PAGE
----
Semira Nock

Tamera Stanley (’22 Psychology), Dr. Elliott, and Semira Nock (22’ Psychology). Photo credit: Nya Medley (’22 Psychology)

I feel really special to be part of the Psychology family. I think everyone here genuinely wants me to succeed. The professors will not hesitate to go out of their way to support me. I look forward to the next few years as I continue to grow and thrive in this department.

By: Semira Nock

Dr. D. Ryan Schurtz is an Associate Professor of Psychology at Stevenson University. Trained in Social Psychology, Dr. Schurtz is interested in understanding the social interactions among individuals and how the real or imagined presence of others may impact our thoughts, behaviors, and emotions.

Since the beginning of this semester, I have been working in Dr. Schurtz’s research lab. Together with him and fellow Psychology students Elijah Nieto, Elise Stickley, and Julia Wingard, we are investigating the many factors that may influence individuals’ trust in social institutions such as large corporations and government.

Dr. Schurtz and Sophie Spartana

Dr. Schurtz and Sophie Spartana

For the past weeks, we have spent time selecting and reading empirical articles to develop a greater understanding of trust and trustworthiness and learned a great deal from our readings! For example, Mayer and Davis (1999) posited that trustworthiness is comprised of three factors: ability, benevolence, and integrity. Ability is comprised of several characteristics and skills that allow a group to have influence. Benevolence is the extent to which an individual wants to do good to one another without a self-interested motive and integrity refers an individual’s perception that another person will adhere to a set of principles. Turning to Ben-Ner and Halldorsson (2010), we have learned that trust involves believing another person will remain fair and cooperative even when there are opportunities to act otherwise, and that trustworthiness involves an individual’s willingness to be cooperative in response to someone’s demand.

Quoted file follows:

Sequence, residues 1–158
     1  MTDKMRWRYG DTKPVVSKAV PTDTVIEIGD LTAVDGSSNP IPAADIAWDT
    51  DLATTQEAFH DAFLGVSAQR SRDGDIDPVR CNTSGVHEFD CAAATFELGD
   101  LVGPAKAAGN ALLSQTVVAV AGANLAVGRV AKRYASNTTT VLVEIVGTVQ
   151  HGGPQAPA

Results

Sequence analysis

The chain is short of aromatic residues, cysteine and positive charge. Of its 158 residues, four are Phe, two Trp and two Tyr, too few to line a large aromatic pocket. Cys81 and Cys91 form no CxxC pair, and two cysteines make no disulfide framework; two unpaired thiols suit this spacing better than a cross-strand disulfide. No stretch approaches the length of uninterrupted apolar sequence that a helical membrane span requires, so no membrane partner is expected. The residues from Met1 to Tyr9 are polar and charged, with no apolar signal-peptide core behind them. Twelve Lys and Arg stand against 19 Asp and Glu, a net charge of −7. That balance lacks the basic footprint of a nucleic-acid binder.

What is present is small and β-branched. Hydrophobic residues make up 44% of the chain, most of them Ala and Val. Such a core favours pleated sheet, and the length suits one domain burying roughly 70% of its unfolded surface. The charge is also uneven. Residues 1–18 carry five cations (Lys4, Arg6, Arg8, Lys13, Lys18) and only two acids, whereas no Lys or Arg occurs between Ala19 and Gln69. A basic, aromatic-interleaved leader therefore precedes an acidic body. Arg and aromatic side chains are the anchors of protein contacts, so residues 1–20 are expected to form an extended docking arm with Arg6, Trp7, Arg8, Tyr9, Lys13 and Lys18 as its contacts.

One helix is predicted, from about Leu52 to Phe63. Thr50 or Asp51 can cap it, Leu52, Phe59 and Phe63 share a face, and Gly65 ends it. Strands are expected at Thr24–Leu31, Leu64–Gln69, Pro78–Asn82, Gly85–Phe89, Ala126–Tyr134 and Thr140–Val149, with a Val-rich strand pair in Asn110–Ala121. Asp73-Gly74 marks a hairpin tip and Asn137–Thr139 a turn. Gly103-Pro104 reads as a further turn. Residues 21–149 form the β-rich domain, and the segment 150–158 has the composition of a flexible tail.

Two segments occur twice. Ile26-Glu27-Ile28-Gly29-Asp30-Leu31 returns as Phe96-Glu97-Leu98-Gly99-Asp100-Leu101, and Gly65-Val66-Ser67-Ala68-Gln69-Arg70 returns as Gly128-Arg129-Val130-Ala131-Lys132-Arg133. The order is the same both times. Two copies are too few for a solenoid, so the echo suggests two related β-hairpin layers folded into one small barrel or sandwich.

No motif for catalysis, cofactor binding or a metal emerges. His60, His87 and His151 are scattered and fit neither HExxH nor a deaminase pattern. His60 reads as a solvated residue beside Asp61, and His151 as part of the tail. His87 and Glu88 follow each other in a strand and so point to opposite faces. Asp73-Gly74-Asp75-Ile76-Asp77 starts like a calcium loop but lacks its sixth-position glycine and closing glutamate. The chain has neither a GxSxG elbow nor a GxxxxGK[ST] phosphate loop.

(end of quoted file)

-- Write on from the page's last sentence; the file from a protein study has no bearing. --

After my fellow students and I have reviewed the definitions of the major constructs for this research project, we are identifying and developing good measures. We’ve created a survey that asks multiple different trust-related questions. This allows us to measure several different factors that could potentially be an influence. Though our data collection just got started, we are all excited to see the results of this study.

By: Sophie Spartana (’21 Psychology)

Within the United States, one in two adults will experience at least one mental illness during their lifetime. However, less than half of these individuals have received professional/mental health services to address their issues.

Did you know that October 6 to 12, 2019 is Mental Health Awareness Week? Although mental health is important all year long, we especially reaffirm our commitment to providing support and advocacy for our community during this special week.

Partnering with the Wellness Center, Student Activities, and the Psychology Department, Stevenson|Cares offers a series of health and mental health education events. These events are creating great opportunities for us to be educated about various mental health topics, break the stigma of mental illnesses, and empower members of our community to get help.


By: Tamera Stanley (’22 Psychology)